Original Research

The evolution of South African wastewater effluent parameters and their regulation: A brief history of the drivers, institutions, needs and challenges

Kevin Wall
The Journal for Transdisciplinary Research in Southern Africa | Vol 14, No 1 | a581 | DOI: https://doi.org/10.4102/td.v14i1.581 | © 2018 Kevin Wall | This work is licensed under CC Attribution 4.0
Submitted: 07 June 2018 | Published: 29 November 2018


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Abstract

Understanding the historical context of sanitation provision and wastewater disposal is essential to understanding its regulation. The aim of this article was to provide that context for South Africa, interweaving the story with social, institutional, policy and technological developments over more than two centuries. Given that so much was initially developed in Europe or encountered in Europe, it was subsequently adapted for use in South Africa. The article begins in earnest with the population disruptions which accompanied the Industrial Revolution, drawing parallels between the scale of these disruptions and the 20th- and 21st-century mass urbanisation in the developing world. Thereafter the article dealt exclusively with South Africa, highlighting the major reversal of policy in the mid-20th century, prior to which time wastewater could not be discharged to watercourses, whereafter treated wastewater could only be discharged to watercourses. The article then spelt out some key current regulations, especially with respect to the skills required, and some difficulties in applying the regulations.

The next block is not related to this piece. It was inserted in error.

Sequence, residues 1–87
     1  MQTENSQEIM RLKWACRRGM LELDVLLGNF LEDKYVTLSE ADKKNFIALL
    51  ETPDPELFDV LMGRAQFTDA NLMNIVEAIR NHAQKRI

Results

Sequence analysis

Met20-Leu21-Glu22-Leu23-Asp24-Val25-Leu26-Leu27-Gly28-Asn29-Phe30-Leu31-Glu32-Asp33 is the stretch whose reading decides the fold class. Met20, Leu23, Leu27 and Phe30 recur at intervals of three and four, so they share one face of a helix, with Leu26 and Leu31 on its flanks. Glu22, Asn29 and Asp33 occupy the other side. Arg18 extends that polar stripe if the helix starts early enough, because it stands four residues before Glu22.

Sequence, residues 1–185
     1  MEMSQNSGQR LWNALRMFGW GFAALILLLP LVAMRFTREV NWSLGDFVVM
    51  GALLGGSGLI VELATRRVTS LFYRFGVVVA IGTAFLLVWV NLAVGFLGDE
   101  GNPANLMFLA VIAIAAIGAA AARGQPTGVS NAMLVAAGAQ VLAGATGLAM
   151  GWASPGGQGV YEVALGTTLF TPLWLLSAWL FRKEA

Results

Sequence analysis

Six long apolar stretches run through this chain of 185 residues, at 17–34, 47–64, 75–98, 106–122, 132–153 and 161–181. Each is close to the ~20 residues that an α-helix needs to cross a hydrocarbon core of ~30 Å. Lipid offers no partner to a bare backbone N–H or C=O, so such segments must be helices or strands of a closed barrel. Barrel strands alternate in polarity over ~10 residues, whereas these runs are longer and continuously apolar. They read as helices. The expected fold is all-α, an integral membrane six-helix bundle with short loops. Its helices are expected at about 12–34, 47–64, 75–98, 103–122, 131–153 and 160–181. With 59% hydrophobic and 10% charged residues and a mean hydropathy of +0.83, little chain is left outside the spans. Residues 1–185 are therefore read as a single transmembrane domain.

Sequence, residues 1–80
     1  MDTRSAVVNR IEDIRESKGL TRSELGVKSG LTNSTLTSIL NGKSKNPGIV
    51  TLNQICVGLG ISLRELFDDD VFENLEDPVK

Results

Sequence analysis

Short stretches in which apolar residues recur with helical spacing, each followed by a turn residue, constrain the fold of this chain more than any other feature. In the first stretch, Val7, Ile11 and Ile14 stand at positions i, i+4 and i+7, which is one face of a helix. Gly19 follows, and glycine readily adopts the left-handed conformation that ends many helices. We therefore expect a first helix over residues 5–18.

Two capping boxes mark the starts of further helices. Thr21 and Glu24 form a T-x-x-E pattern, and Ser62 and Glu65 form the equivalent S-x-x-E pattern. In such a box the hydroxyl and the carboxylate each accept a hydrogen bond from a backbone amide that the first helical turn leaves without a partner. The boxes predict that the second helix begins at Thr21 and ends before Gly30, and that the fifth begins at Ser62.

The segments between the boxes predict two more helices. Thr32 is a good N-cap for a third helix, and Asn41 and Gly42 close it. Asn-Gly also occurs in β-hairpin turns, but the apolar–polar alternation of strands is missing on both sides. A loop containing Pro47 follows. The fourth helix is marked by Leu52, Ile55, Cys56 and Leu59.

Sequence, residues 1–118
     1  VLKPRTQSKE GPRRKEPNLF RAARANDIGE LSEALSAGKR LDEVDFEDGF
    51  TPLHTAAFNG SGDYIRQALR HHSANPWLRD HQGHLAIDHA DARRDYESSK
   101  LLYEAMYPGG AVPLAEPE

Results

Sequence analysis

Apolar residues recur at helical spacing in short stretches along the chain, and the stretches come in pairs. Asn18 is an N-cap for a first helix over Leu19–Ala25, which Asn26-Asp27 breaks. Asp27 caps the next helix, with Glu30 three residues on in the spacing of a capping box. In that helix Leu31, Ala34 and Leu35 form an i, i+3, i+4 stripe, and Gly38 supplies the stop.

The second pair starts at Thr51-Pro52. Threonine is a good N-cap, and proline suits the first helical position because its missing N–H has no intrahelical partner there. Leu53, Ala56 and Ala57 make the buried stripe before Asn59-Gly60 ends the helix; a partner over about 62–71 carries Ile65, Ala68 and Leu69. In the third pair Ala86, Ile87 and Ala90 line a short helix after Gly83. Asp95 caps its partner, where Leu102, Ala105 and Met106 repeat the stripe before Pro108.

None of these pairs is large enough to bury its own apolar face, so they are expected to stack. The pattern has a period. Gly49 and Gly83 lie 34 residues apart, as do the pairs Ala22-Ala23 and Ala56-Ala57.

Keywords

South Africa; wastewater; regulation; history

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